Despite its Gulf allies’ displeasure, the U.S. continues to ‘un-freeze’ its relations with Iran. While it appears to be a clear policy shift vis-à-vis Iran, it seems to have been greatly influenced by the developments taking place in the Middle East than by any natural change in the course of events. The U.S., as it stands, is luring Iran into its axis as a means to not only to pacify its Gulf allies’ deep concerns but also to influence the outcome of Geneva deliberations over Syria. The latest twist in this behalf came with the U.S. decision to buy something from Iran that it cannot produce itself: heavy water for non-nuclear use. The choice of Iran carries a lot of significance as it signifies the U.S.’ current priorities as the latter could have bought the same material from other countries such as Canada and India.
Although the deal may be worth only $8.6 million but it involves the purchase of 32 tons of heavy water from the Atomic Energy Organization of Iran. The announcement came after the very recently held meeting between John Kerry and Iran’s Foreign Minister Mohammed Javad Zarif in New York. The meeting and the announcement to engage in some sort of economic activity with Iran have both happened at a time when Iran’s central leadership, particularly its religious section, was increasingly growing skeptical of the potential benefits of the nuke-deal and the U.S. intentions behind really re-opening the space for Iran in the international economic and financial markets.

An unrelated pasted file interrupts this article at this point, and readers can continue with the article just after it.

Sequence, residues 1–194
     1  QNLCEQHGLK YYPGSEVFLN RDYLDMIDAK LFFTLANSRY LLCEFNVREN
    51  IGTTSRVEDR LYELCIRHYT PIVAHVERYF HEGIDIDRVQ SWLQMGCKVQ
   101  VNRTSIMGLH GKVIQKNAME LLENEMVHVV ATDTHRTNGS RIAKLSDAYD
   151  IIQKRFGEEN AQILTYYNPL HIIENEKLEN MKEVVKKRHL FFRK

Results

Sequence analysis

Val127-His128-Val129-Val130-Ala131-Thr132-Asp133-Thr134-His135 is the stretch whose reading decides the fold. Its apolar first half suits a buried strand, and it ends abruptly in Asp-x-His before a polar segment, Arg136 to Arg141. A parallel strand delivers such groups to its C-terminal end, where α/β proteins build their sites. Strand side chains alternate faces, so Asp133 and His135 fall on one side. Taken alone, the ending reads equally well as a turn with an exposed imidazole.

Speaking to the media after the meeting, John Kerry went on to say, “United States is committed to doing our part as we believe it is in our interest to ensure that… the nuclear agreement… is in fact working for all participants… It is mutuality that was created in this, and it’s important that we make sure there is mutuality in its implementation.”
Although there was talk of impending “serious differences” between both countries on a good number of issues, both Kerry and Zarif implicitly stated their countries’ intentions to not only to resolve those issues but also to carry forward their relations into areas that were previously shrouded deep in sanctions.
While it appears too much and too early to see these developments as the beginning of the end of Iran-Russia alliance, it does point out how Iran is trying to engage with the West on the whole to re-capture its space in the global market, dominated as it is by the West, that it had previously lost to its rivals, particularly Saudi Arabia. On the other hand, as Iran approaches the West to gets its assets un-freezed, the West, on its part too, has already started to flood the Iranian market, posing a serious challenge for the Russian business counterparts. As Russian daily Kommersant noted in one of its stories about how business was undergoing change in Tehran, “Tehran is not giving any privileges to its Russian allies. Past achievements do not count and market competition seems to have started anew from a clean slate.”